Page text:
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How Can Edge Devices Use Machine Learning?

Machine learning has become core to edge usability, particularly for Internet of Things (IoT) devices. Modern edge devices access an immense amount of data to implement automated decision-making and make accurate predictions. This requires powerful computation, trained machine learning models, always-connected hardware and cloud to provide decision-making intelligence. 

Recently, aided by the wide adoption of 5G and the consequent need for low latency decisioning, machine learning at the edge has gained traction.

Machine Learning at the Edge

To be useful, machine learning algorithms should provide accurate, low cost, and low latency results. The distributed edge network might be the optimal way to achieve these needs.

Machine learning models are trained in the more powerful cloud and deployed at the edge data centers or on edge devices for inference. This reduces reliance on the cloud, shares the compute burden, and offers real-time response where required.

This low latency computing model serves the real-time data needs of augmented reality, IoT in homes and industries, vehicular automation, and other IoT systems.

How Edge Machine Learning Works

Machine learning is based on algorithms using powerful computation to develop complex models using the data. The ML inferences gained after training of the model are further provided with the dataset to edge devices to make predictions. 

Computing resources to build and train such models need the assistance of powerful servers and cloud availability. But fetching inference results in real-time with lowest latency is best done by edge devices nearest to the user. The algorithms can be run either in the cloud or at the edge depending on the computing power required.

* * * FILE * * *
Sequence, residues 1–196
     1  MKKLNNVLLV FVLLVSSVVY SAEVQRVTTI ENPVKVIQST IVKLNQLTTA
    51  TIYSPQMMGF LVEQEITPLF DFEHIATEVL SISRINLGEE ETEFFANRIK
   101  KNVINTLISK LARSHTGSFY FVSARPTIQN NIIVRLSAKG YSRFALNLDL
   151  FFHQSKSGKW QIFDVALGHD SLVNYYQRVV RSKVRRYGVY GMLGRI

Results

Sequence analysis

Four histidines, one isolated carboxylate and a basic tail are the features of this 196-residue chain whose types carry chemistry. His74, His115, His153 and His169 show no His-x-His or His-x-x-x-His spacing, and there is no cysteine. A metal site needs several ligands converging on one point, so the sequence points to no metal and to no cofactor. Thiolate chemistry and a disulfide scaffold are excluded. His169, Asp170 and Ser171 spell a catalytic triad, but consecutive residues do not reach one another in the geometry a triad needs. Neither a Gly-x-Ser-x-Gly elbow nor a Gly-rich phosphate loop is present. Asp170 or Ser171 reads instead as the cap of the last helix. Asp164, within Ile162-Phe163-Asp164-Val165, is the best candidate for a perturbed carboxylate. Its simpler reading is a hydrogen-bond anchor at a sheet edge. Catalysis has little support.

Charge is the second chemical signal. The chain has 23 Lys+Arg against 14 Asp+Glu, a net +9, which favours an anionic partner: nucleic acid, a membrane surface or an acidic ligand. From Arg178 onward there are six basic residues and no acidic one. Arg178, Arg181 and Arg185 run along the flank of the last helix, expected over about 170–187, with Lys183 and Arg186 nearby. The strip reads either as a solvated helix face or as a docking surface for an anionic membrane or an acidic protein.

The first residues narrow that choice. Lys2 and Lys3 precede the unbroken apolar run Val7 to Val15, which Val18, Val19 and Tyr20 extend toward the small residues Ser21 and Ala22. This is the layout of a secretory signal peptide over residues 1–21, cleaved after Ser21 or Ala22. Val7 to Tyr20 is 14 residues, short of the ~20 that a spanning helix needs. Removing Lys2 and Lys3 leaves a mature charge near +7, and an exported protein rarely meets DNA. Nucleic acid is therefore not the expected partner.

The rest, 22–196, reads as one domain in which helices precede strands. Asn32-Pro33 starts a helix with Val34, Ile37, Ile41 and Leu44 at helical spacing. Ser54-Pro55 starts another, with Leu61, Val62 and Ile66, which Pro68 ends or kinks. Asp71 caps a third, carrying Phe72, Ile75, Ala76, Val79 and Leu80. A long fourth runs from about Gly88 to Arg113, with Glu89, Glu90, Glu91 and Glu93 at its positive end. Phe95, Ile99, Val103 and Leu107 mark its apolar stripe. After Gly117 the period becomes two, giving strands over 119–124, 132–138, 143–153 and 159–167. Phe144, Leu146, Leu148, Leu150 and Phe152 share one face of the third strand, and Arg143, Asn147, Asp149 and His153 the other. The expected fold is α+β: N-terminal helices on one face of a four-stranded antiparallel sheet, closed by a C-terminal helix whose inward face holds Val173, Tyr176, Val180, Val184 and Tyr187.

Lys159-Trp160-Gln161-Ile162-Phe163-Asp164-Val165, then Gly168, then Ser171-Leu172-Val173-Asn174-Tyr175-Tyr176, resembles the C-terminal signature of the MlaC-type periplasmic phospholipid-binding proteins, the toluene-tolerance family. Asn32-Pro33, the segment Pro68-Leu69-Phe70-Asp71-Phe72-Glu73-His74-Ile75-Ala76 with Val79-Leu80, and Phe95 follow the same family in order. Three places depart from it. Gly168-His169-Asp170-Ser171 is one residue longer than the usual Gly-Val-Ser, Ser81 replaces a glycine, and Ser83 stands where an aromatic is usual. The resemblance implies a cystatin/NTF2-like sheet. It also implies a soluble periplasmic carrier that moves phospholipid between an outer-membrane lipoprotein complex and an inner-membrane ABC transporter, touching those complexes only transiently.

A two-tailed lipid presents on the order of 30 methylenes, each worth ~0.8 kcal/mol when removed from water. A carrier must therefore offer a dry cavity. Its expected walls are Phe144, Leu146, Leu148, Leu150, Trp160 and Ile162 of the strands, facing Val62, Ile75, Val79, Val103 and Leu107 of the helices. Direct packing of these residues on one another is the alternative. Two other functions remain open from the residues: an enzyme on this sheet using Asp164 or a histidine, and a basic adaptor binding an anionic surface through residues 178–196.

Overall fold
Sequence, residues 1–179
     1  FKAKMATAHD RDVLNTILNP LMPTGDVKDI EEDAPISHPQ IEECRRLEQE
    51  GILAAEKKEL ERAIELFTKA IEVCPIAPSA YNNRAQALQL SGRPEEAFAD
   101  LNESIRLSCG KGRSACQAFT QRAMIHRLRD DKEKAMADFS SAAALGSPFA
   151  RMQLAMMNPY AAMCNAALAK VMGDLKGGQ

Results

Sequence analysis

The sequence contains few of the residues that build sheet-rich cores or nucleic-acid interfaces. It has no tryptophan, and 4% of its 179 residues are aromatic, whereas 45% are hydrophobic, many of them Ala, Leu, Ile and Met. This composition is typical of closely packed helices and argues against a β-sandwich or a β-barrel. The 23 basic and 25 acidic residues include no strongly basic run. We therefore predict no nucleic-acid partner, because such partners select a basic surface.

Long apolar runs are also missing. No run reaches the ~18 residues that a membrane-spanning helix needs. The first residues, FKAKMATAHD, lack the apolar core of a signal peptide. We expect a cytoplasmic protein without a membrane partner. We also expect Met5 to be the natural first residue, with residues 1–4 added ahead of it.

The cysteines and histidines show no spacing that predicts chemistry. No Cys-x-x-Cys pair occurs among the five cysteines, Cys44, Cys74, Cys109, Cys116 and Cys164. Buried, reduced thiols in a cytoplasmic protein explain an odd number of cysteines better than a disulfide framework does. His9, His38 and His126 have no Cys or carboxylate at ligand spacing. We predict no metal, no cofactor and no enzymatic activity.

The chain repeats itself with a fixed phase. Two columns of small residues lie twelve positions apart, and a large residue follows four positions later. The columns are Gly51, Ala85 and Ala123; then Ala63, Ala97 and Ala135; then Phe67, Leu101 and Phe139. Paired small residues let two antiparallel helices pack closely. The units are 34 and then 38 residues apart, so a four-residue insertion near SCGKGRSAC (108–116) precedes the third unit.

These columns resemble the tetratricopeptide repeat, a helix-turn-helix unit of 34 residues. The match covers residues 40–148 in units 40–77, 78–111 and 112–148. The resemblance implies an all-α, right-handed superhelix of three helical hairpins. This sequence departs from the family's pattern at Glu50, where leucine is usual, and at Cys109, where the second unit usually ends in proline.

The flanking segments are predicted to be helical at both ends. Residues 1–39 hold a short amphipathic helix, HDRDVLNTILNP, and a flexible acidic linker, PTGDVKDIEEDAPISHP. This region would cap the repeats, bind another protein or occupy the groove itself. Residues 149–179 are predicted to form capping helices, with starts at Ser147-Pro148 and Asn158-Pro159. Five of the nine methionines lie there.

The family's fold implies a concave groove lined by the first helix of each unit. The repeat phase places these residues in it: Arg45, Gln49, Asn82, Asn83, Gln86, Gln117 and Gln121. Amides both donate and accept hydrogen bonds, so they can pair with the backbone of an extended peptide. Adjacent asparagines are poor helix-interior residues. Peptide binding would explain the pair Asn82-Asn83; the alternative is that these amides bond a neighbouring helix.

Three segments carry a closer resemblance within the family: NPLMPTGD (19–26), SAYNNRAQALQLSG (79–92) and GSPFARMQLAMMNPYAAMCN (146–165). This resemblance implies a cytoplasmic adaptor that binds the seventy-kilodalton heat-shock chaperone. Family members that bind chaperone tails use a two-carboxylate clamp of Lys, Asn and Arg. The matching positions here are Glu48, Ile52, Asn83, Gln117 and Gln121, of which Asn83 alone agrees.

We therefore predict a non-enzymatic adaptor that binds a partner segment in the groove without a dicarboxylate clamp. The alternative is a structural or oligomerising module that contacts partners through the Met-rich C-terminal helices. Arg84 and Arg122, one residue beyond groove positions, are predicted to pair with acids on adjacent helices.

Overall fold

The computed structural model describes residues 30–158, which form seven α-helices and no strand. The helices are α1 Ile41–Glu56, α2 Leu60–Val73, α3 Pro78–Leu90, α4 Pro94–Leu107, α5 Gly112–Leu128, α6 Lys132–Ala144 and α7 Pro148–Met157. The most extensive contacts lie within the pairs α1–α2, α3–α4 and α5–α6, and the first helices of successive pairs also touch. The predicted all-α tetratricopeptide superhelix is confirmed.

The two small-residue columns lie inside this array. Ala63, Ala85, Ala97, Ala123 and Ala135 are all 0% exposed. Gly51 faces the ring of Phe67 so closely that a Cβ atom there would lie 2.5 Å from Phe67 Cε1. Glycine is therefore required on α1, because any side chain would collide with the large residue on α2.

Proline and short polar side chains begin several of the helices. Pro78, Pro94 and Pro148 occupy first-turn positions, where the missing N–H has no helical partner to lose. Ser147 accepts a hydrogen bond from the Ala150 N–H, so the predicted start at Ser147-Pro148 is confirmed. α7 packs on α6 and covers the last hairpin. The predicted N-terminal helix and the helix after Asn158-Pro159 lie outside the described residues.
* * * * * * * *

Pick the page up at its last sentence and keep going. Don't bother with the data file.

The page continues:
This reduces response time and makes it possible to leverage machine learning even without network availability. For example, autonomous vehicles need to adapt to the turns, speed bumps, and potholes in real-time, and a globally-distributed edge network ensures continuous connectivity.

Gradient descent-based edge machine learning focuses on distributing data over multiple edge devices, producing copies of the model locally. These copies are then received by the aggregator which is itself an edge device. If updates are made locally, the aggregator updates it on a distributed edge network. This process is repeated until a particular result is achieved.

The primary purpose of inferencing at the edge is to reduce latency and computation cost, including cloud request/response processing over a network, which is relatively costly and adds latency. It results in big data warehouse attributes with machine learning algorithms on distributed data at the edge instantly.

This approach is ideal in terms of privacy and security as personally identifiable data shouldn’t be moved to different devices.


Edge machine learning is one of the fastest-growing fields in terms of research. Modern microcontroller units (MCU) aid in iterating complex ML algorithms at the edge to ensure real-time performance. As machine learning is all about extracting patterns from data, predictions, and decision-making on the outcomes without human interventions, achieving such functionalities in real-time with edge devices adds to its performance.


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